The Federal Government as part of its oil sector reforms last week in Lagos recorded a major milestone in the history of the country’s oil and gas sector with the inauguration of the Crude Oil and LNG Tracking (COLT) to final destination portal by the Minister of State for Petroleum Resources, Mr.Ibe Kachikwu.
Prior to the launch of the portal, accurate and real time data of the country’s daily oil production figure has been a subject of controversy as there have been disagreements between government agencies responsible for collation of data for revenue purposes.
On many instances, figures presented by the Federal Inland Revenue Service, International Oil Companies(IOCs), Nigerian Maritime Administration and Safety Agency (NIMASA), Nigerian Ports Authority (NPA) and the Nigeria Customs Service (NCS) often contradicts the ones presented by the industry regulator-Department of Petroleum Resources (DPR).
Kachikwu had while inaugurating COLT command centre at the DPR headquarters in Lagos admitted that the dearth of figures for the country’s actual oil production was not in doubt, adding that the NPMS portal would put an end to that national embarrassment. He equally said oil theft remained a major challenge while assuring that stolen oil could now be tracked and traced to its destination.
More worrisome was the recent disclosure by the Nigeria Natural Resource Charter (NNRC) that the country lost about N3.8 trillion within the last two years – 2016 and 2017.
According to the Assistant Director, Information Communication Technology, Department of Petroleum Resources(DPR), Mr.Ayo Cardoso, the National Production Monitoring System (NPMS) portal among other things would help track the country’s actual production figure, movement of vessels from one point to the other, track revenue and also determine the volume of refined petroleum products imported into the country.
What COLT, other automation seeks to achieve
According to the Minister the essence of the initiatives was to be able to track crude oil productions and vessels on the onshore and offshore the country’s waterways.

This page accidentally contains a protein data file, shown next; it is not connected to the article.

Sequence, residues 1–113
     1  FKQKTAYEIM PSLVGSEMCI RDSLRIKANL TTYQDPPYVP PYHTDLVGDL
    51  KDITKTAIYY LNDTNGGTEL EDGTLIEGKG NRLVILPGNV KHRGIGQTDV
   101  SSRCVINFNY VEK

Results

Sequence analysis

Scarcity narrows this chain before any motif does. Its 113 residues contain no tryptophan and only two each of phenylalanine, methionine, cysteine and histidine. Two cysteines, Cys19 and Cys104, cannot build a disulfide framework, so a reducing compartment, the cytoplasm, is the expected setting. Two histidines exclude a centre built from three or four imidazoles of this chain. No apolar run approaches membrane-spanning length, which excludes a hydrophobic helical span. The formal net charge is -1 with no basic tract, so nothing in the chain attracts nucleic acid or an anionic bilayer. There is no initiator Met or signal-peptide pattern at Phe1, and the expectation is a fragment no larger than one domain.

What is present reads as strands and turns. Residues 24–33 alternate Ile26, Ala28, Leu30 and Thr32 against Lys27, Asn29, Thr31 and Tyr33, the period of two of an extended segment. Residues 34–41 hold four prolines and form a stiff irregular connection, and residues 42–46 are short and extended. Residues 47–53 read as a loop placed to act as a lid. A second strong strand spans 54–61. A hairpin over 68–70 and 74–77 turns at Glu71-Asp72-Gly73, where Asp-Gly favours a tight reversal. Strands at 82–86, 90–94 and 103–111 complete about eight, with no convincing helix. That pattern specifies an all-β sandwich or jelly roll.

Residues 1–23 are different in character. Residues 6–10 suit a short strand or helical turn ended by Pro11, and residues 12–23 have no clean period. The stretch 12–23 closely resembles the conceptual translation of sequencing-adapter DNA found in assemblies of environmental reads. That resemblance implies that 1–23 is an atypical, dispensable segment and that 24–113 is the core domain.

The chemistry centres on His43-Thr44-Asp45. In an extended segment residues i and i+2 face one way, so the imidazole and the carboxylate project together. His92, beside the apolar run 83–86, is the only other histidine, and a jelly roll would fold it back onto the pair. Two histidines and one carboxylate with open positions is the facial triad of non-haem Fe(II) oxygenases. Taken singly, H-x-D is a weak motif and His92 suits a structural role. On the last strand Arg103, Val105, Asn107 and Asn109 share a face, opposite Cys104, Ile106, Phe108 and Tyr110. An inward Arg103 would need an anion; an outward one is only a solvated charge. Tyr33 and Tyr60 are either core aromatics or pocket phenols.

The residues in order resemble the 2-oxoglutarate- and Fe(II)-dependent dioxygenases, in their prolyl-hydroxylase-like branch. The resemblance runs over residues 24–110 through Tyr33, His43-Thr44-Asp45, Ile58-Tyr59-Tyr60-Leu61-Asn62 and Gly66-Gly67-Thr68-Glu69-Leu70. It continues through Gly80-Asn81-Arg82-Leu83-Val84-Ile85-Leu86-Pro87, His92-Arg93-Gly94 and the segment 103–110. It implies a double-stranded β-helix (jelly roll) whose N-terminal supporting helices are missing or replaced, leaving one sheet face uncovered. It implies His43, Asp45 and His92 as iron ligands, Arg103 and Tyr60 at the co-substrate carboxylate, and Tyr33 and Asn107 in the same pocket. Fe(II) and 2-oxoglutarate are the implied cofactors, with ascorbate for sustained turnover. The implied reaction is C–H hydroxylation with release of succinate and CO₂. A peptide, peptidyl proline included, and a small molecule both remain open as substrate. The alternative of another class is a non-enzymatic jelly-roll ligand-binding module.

“The clear mandate as a Minister of State is to try and change the oil industry, because we were deeply worried about what was looking like a value dip in terms of the reputation of the oil industry and some of the issues of corruption that were all over the place. I said to them, let the people come out and know what they have been doing over the last couple of years.
One of the key areas of focus was issue of transparency; how do we ensure that we are transparent in our operations, how do we ensure that we have speed to get approval for licences that previously will take forever. How we ensure that every monies that is collected in this sector is tracked and goes straight into the federation account, one of the problems we have is that what quantity of crude we produce, how much are the leakages.
We have rolled around this for decades and I told them I want us to be able to tell Nigerians everyday what we produce with some certainties,” Kachikwu explained.
He said the agency has been able to track production, track the movement of that production, following these initiatives had launched series of IT-based platforms and interventions which had helped Nigerians into the next foray of how oil companies and oil operations in this country should run. “All our fields are largely tracked online now and what it means is that we can actually feed the nation on what was our actual production and from which fields and what is the volume and also identify if there are leakages.